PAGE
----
To see other Love posts visit our Celebrate Love page.

Tuesday, April 12, 2011

I Art Woodstock

This is the latest Visual Art video from Makulu Visual Arts. Shot and edited by Rowan Pybus it is an attempt to capture a slice of life in a corner of Woodstock in Cape Town while it was transformed through a massive mural campaign by some of the best street artists in South Africa.
 Here is a poem by Sri Chinmoy on the redemptive qualities of Art.

By Sri Chinmoy

My Art is no art 
Without my mind's simplicity.

My Art does not want      
To subscribe to the view
That unhappiness
Commands the world.

When I paint or draw,
I keep my mind's thought-garden
Completely free of self-doubt-weeds.
My Art is the hide-and-seek      
Between my soul's illumining smiles    
And my heart's streaming tears.

The Artist in me has three  
Faithful, sleepless    
And self-giving friends:
A newness-eye, a oneness-heart
And a fulness-life.
The heart of my Art      
And the heart of a child
Are extremely fond of each other.
They love each other deeply;
They need each other constantly;
They are interdependent, sleeplessly.
My mind says that anything I do
Is too insignificant
Because I am wanting
In qualification.    
Needless to say,
This includes my Artwork.    
My heart says that anything I do
Is too significant
Because the God-Touch    
Is always there.
Needless to say,
This includes my Artwork.

The moment I start painting,  
I clearly see my soul-meditation
Is blessingfully clasping
My heart-aspiration-flames.
First things first: 
The Artist in me,
Before embarking on his Artwork,
Invariably catches
His heart's aspiration-express.
True, in my Art I want to see
The face of earth's beauty.
But I want to see
The heart of Heaven's Divinity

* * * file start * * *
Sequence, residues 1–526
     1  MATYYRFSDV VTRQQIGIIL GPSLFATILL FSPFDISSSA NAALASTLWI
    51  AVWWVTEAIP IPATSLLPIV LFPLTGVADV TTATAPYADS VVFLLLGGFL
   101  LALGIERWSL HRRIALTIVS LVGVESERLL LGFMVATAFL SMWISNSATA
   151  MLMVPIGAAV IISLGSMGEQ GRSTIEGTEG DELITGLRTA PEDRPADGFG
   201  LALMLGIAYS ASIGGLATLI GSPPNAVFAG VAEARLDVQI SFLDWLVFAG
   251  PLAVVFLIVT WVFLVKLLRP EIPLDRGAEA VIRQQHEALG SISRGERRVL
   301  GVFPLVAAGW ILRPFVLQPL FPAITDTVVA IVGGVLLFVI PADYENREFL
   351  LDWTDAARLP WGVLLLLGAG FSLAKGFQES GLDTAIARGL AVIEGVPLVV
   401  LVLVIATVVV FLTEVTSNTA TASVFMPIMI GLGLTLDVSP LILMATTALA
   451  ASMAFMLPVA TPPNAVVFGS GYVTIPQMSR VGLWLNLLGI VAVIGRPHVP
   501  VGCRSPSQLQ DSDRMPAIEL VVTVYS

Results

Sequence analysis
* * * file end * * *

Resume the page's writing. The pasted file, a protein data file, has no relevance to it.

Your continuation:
More, infinitely more.

Wednesday, April 6, 2011

Siba N. Grovogui- How We Step into the World

Siba N. Grovogui of John Hopkins University

When my daughter was in middle school, she had a history project in which she had to create a poster presenting some aspect of the Renaissance Period. She produced a compelling piece entitled The Renaissance Through African Eyes. She depicted, through Renaissance paintings, the presence of Africans in Europe, but more importantly she illustrated the commercial link between Europe and Africa and how this trade contributed to funding Europe’s enlightenment. The teacher was a bit confused as were her peers, especially students of color. What did Africans have to do with the Renaissance? Did African people even exist then? Didn’t they just miraculously appear on the plantations of the New World just in time to harvest the crops?

This proclivity of marginalizing people and their place in world history is a hallmark of how history is delivered in American academic institutions. This is why I find Professor Siba N. Grovogui, of John Hopkins University, so refreshing and why his ideas need to be disseminated and considered. Like my daughter, he is West African-she from Cote d’Ivoire and he from Guinea, and I am so excited by both of their thoughtfulness.

Here is a video of Grovogui sharing some of his ideas. Have a listen and stretch your mind.

Saturday, April 2, 2011

Where My Birthmark Dances by Octavia McBride-Ahebee

My new poetry collection, Where My Birthmark Dances, is now available for purchase. This book is published by Finishing Line Press. The shipping date is July 23, 2011. Please support me now and buy my book. I will keep you informed of the book release party as well as my upcoming readings.  You may click here to purchase the book:

Lillian Dunn,editor of Apiary Journal, in describing this collection states:

             The Ancient Romans used to call a person's creative spirit her "genius," and recognized the labor of setting it free as one of love and sacrifice. Octavia McBride-Ahebee's latest collection is just such a labor. Her poems depict human longing, love and dignity in the context of global inequality with fierce, uncompromising grace. As her characters speak, she creates indelible sensory images of loveliness and affection, profound misery and anger, letting each co-exist on the page. The resulting complexity of tone makes space for nuanced and compelling human voices that might otherwise be categorized as  "victims" or "villains" of oppression. It takes the full use of genius to notice and capture these contradictions, and a deep social conscience to care so passionately about writing them down. This collection is one of McBride-Ahebee's "bighearted magnolia trees," its trunk scarred by the fire of sacrifice, its blossoms and branches so beautiful you don't want to leave their shade.